- Make sure that all expenses for your business can be paid for when times are tough. This means having adequate savings to tide you over, not making big purchases when your business is historically low, or working your business on a budget. I have opted not to purchase DSL. One of the reasons is because we live in the country, and the only way for me to have the speed would be to purchase a satellite. But, the other reason is that I do not want to be strapped for cash when that recurring bill comes every month. My fixed expenses for my business are less than $150 per month, and I have worked my business well enough to know that I will be able to pay those expenses whether I make a big sale or not.
- Make sure that your home expenses are just as carefully budgeted as your business expenses. In my case, my husband pays the bills and I pay for the fun. The total of our home expenses will never exceed that of my business expenses because we are very careful to live within our means. Groceries for a family of six are really the only unknown in our house (as we have savings for the bigger household repair expenditures), but I have worked this business long enough to know when my slow times are, so that I can be ready for them. February is typically a slow month for me, so you can bet I will be making more dinners from scratch, planning my meals based on the ingredients in my pantry and eating out less than once a week.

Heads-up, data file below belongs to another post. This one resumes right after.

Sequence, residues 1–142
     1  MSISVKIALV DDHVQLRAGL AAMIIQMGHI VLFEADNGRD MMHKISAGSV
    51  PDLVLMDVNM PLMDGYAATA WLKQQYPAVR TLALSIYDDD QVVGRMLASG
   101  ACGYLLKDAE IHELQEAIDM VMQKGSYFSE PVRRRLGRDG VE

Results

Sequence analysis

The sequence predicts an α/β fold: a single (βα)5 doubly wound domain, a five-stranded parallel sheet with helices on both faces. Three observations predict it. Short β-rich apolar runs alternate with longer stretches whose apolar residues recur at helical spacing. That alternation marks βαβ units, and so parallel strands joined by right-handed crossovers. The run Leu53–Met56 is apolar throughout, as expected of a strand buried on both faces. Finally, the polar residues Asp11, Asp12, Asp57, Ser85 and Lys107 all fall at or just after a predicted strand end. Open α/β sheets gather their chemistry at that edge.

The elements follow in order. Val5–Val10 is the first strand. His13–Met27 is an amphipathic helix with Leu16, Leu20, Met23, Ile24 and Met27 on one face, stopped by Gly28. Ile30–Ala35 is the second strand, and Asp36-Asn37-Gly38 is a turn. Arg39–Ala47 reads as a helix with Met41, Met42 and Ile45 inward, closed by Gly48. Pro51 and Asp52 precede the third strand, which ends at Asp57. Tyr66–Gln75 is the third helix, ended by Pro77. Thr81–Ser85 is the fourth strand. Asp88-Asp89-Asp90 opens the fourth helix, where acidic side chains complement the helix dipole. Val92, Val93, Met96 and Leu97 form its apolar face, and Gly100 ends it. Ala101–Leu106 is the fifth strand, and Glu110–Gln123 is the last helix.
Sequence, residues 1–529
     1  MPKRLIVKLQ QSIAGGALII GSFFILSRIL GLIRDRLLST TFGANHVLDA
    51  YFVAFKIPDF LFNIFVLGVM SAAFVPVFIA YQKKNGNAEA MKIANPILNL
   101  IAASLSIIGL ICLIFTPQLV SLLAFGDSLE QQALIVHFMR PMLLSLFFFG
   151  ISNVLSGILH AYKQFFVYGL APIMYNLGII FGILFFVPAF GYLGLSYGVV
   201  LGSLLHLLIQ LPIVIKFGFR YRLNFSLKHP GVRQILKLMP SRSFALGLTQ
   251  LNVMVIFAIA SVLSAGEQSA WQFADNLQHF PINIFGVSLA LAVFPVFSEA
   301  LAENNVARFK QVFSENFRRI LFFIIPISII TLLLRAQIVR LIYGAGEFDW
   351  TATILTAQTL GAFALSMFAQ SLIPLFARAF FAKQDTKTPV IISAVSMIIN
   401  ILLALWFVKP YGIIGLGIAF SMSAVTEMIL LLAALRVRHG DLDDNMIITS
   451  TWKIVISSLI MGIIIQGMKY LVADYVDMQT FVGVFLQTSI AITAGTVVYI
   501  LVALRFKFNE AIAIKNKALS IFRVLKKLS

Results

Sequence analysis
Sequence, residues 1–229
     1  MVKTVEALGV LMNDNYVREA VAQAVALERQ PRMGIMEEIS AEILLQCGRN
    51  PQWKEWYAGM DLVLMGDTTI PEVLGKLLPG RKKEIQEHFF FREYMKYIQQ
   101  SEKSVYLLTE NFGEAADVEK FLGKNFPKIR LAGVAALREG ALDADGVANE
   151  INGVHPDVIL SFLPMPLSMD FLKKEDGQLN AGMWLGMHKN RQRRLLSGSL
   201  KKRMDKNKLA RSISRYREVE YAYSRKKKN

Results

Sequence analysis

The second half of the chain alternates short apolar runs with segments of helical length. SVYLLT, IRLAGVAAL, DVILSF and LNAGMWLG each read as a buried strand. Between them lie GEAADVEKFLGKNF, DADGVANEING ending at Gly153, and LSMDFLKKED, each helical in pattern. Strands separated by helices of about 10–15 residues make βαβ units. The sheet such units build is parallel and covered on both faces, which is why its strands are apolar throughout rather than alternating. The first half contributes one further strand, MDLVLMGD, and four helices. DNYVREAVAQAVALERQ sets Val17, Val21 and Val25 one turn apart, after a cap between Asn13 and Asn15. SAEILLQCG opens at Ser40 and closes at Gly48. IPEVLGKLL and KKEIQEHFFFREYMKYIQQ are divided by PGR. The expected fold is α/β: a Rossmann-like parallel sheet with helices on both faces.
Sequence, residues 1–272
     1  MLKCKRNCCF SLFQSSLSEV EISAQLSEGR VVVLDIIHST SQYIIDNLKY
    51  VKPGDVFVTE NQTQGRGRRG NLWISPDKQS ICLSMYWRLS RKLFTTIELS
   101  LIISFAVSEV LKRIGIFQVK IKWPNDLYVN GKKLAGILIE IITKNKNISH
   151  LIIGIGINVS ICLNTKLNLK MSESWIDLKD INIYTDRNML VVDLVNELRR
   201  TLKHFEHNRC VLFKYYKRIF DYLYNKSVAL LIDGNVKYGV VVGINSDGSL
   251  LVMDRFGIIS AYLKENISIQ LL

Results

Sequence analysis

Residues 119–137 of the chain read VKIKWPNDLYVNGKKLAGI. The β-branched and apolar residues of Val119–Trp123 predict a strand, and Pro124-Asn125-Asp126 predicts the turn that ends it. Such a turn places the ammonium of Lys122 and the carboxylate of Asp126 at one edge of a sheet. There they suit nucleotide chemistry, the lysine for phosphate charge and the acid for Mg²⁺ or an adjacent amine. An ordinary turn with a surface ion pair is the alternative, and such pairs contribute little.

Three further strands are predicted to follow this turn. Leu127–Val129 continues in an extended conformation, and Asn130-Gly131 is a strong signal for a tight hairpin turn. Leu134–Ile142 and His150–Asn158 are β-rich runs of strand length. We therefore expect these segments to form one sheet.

- Do some business sharing with friends and non-competitive counterparts. For example, say you are a web designer and your friend sells baskets. Work out a commission arrangement with them and exchange business cards and marketing materials with each other. When you visit with clients, leave your own materials with them as well as that of your friend. That way, even if you don't make a sale, you may be able to pick up a little commission by helping your friend make sales.